An independent review found that the Aurora school district was wrong to have paid certain teachers and other employees a bonus this school year without first negotiating them with the union.

But the Aurora school board this week chose not to uphold the finding, instead asking that the district negotiate with the union any future “long-term incentive program.”

Whether the board’s directive applies to any temporary or one-time incentives is unclear.

The bonuses in question were announced as a pilot program last year and were paid from extra money the district received as a result of rising property values. The district labeled certain teaching and support jobs such as speech pathology as its most difficult positions to fill and then created bonuses to attract and keep employees in those positions.

The goal, according to officials, was to attract more candidates, fill more vacancies, retain more employees, and reduce the district’s need to contract with agencies to help fill those positions.

The issue is important as the district and the union will start negotiating soon on how to use at least $10 million that local voters approved in November for teacher pay.

When the district announced last fall’s pilot program, Superintendent Rico Munn said its outcome could affect how the district will seek to change teacher pay.

The union has agreed to discuss “hard to staff” positions in this year’s negotiations.

Incentive payments are at the heart of the Denver school district’s disagreement with its teachers union, which has voted to go on strike.

One Aurora Public Schools teacher who addressed the board this week talked about her struggle with low pay, but thanked the board and the district for their current support of a traditional pay model.

“Thank you for giving your employees some peace of mind in what to expect in coming years,” said teacher Cynthia Breceda. “Let APS be an example to other districts in being competitive and having a predictable salary schedule. I hope Superintendent Munn and the school board will continue to budget our experience steps and educational lanes,” she said, referring to the traditional pay matrix that uses years in the profession and education levels to determine teacher base pay.

School district officials have not provided details as to whether the pilot did help the district fill more positions this year. Asked for comment, the district provided a memo Munn wrote to the board, where he states the issue is now irrelevant, but argues that adopting the report in full would support “a false narrative that APS has been unwilling to negotiate this important issue with AEA,” the teachers union.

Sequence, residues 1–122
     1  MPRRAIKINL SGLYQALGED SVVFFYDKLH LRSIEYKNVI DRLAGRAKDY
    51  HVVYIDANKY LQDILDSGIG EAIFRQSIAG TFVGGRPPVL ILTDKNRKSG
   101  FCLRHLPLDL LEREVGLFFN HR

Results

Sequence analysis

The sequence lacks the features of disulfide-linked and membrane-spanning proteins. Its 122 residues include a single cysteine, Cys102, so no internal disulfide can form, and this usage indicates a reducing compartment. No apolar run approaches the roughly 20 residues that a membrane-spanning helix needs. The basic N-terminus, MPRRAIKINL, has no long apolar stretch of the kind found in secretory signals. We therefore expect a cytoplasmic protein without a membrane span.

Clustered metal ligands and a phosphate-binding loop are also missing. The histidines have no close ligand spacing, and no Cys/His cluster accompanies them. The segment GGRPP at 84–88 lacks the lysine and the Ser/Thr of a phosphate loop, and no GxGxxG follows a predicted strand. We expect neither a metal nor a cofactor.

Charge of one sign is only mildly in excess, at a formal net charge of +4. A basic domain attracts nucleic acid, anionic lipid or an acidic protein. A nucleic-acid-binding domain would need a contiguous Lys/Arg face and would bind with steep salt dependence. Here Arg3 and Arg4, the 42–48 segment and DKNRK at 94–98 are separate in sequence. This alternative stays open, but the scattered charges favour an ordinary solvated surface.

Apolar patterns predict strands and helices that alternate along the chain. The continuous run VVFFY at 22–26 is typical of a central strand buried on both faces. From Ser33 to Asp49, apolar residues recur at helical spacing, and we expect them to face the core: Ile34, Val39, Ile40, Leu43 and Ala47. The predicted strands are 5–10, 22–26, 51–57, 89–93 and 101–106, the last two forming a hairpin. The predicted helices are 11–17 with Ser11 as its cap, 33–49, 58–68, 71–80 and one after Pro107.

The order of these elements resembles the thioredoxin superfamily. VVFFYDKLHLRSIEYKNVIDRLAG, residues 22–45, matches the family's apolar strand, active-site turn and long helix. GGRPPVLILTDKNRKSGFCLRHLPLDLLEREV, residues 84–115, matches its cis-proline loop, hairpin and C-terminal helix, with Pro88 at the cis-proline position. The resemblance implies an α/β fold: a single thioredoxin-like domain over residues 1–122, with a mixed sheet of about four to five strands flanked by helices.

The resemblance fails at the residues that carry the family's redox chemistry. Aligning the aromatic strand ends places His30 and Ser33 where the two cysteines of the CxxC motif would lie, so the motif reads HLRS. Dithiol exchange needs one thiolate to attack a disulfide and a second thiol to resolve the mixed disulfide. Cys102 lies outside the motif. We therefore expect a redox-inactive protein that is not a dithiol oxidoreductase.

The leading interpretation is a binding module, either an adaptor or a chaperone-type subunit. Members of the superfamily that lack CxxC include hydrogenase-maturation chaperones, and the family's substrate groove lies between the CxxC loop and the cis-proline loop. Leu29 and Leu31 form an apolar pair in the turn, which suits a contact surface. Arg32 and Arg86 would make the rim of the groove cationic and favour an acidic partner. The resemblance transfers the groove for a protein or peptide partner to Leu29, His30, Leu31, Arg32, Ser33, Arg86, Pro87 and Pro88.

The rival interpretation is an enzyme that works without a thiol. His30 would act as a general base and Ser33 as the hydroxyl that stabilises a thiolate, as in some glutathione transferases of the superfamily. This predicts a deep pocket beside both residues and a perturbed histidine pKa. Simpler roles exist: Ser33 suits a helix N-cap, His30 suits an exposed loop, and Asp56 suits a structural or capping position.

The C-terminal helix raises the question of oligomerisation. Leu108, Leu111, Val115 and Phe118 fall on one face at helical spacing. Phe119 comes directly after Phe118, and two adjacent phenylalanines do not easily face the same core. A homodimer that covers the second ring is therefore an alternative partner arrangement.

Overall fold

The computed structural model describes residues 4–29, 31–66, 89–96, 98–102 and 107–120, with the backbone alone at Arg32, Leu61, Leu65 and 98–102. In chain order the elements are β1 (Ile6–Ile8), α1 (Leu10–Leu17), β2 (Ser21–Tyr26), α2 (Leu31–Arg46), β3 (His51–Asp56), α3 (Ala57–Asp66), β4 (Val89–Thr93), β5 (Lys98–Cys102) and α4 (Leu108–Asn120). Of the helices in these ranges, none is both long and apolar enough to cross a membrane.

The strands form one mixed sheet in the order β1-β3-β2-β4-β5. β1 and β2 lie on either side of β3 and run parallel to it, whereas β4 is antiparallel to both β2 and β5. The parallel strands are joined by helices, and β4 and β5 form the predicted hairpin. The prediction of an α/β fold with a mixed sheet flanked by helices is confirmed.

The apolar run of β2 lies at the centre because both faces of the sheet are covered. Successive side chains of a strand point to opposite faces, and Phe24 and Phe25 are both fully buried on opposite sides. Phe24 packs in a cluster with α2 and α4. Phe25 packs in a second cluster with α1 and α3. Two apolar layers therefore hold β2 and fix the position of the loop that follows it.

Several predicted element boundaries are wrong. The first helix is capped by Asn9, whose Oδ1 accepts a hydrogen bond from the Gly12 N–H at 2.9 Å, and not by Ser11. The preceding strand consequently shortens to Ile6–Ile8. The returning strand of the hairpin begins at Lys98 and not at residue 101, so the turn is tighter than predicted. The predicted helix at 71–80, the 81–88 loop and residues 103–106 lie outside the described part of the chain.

The finding by the arbitrator Jon Numair is not binding and instead represented a recommendation to the school board based on the union contract, labor law, and decisions in other labor disputes. The board’s decision not to accept the report in its entirety leaves some open questions.

Union President Bruce Wilcox, said the association is “deeply saddened” by the board’s decision, and said he will raise the issue at the next school board meeting. In previous comments to the board he called this an example of the district’s pattern, which the board should condemn.

When board members made the decision Tuesday, they did not discuss in public their reasoning, but the fact that one member was absent may have played a role.

“After full discussion and deliberating on the issue, the board cannot come to an agreement as to whether to uphold or overturn the arbitrator’s reasoning,” board President Marques Ivey said. “The board will not formally take any action upholding or overturning the arbitrator’s reasoning, but will affirm that the long-term implementation of an incentive program going forward should be negotiated.”

According to the arbitrator’s report, the district reportedly argued that it did not have to negotiate the bonuses because the union didn’t specifically ask to negotiate them, because they were temporary payments, and because they could not be considered a wage.

The arbitrator was not convinced by those arguments and cited other legal cases, including one in Denver, to support the union.

The arbitrator also pointed out that Aurora district officials attempted to negotiate the same topic during bargaining in 2016, but the two groups did not come to an agreement.

“An argument can be made they unilaterally attempted to impose a condition of employment they were unable to negotiate for,” the arbitrator’s report states.

The arbitrator’s recommendation was that the district “immediately cease and desist from further implementation of the recruitment and retention program,” and that “in the future, the district must bargain over this or any program which changes conditions of employment.”